Would You Buy a Home Next to a Cemetery?

October 29, 2019

When it comes to buying homes near graveyards, people tend to fall into one of two categories: all in or creeped out. Do you prefer suburbia or disturbia? We're dying to know.

If you're Team Suburbia, what you learn here may just change your mind. According to a Redfin analysis, purchasing a home near a cemetery may not be as grave a mistake as you probably think. The study found that homes within 50 feet of a cemetery, though they take longer to sell, sell for more per square foot than homes more than 500 yards away.

If your list of must-haves already includes a stunning view (of tombstones) and (dead) silent neighbors, you're probably wondering where on Earth you can find such a creepy crash pad. Cartography expert and "Pet Sematary" enthusiast Joshua Stevens might be able to help, or at least give you a place to start your haunting hunt.

"The Geography of the Dead"

Stevens used geodata to plot the locations of 144,847 graveyards and cemeteries in the contiguous U.S.

According to his map, the land of the dead exists east of the Mississippi—with the highest concentration of cemeteries sitting in a conglomerate where Georgia, Kentucky, Tennessee, South Carolina, North Carolina, West Virginia and Virginia come together. There's also a horrifyingly high number of cemeteries in the Northeastern U.S., where Connecticut, Rhode Island and Massachusetts converge.

Looking to take your quest a step further? You may (or may not) want to consider moving into one of the spookiest spots in the U.S. where, according to Stevens, “only the dead sleep,” though it won't be easy. There are about a dozen places across Idaho, Montana, Wisconsin, Oregon, Nevada, Arizona, Utah and New Mexico that have no living population and still have cemeteries, but many of these areas fall in what are now national parks and wildlife refuges.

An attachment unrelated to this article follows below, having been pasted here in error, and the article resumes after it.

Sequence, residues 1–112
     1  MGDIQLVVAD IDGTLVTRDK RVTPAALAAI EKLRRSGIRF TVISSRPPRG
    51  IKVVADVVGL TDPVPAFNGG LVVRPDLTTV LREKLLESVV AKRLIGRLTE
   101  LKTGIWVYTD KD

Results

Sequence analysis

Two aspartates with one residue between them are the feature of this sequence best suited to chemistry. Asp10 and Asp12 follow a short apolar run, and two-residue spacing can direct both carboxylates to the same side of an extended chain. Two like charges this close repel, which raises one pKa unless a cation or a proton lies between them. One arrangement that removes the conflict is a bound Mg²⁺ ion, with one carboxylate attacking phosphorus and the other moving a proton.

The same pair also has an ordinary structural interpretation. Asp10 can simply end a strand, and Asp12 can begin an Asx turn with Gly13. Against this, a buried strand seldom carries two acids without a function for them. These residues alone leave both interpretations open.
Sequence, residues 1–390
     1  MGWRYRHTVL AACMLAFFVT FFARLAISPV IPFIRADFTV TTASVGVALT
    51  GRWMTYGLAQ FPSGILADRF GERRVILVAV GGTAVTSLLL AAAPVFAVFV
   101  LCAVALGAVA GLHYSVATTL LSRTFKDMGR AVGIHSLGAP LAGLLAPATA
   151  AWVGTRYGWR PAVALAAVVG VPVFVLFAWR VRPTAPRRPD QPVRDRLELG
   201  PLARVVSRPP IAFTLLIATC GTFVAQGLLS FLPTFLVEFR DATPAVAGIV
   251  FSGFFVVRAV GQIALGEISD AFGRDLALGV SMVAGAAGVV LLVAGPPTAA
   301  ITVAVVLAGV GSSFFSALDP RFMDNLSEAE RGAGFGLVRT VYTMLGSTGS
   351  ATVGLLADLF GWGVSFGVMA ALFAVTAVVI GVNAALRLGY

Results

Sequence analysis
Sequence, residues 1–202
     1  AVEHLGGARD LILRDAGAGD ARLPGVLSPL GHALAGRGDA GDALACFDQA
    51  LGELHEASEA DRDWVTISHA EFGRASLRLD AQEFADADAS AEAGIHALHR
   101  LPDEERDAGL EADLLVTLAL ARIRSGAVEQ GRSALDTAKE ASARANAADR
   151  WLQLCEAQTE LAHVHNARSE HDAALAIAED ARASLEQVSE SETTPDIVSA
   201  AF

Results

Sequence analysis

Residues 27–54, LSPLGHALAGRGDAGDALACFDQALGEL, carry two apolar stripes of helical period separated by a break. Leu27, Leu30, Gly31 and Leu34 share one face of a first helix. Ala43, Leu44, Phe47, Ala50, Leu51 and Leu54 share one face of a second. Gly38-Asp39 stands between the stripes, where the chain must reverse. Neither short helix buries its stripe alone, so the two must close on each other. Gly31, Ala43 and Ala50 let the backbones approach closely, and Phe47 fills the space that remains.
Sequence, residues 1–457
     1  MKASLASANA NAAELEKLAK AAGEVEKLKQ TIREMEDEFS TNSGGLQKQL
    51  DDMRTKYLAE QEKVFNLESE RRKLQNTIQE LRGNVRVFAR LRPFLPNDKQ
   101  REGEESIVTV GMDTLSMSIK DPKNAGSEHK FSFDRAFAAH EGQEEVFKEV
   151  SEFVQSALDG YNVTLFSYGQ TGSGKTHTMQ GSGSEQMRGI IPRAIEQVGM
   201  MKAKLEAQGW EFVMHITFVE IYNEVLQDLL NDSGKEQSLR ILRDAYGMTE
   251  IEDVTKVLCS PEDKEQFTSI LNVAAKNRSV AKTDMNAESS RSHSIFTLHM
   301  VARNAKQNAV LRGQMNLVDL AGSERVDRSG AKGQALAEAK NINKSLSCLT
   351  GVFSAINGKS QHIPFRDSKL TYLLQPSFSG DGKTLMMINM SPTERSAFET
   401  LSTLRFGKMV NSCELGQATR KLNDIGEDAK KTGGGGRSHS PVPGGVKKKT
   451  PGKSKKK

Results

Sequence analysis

The Land of the Living

For those of you who prefer the company of the living, check out listings in San Francisco, the only major city in the U.S. that doesn't have any cemeteries.

In 1912, San Francisco banned burials in the city, ordering cemeteries to be shut down and remains moved to nearby Colma, Ca. So, while San Francisco may be the land of the living, Colma is (quite literally) the city of the dead, with 99.9% of its residents occupying space in the ground.

So which side of the gate are you on? Once you decide, learn more about the tricks and treats of homeownership at MyHome by Freddie Mac®.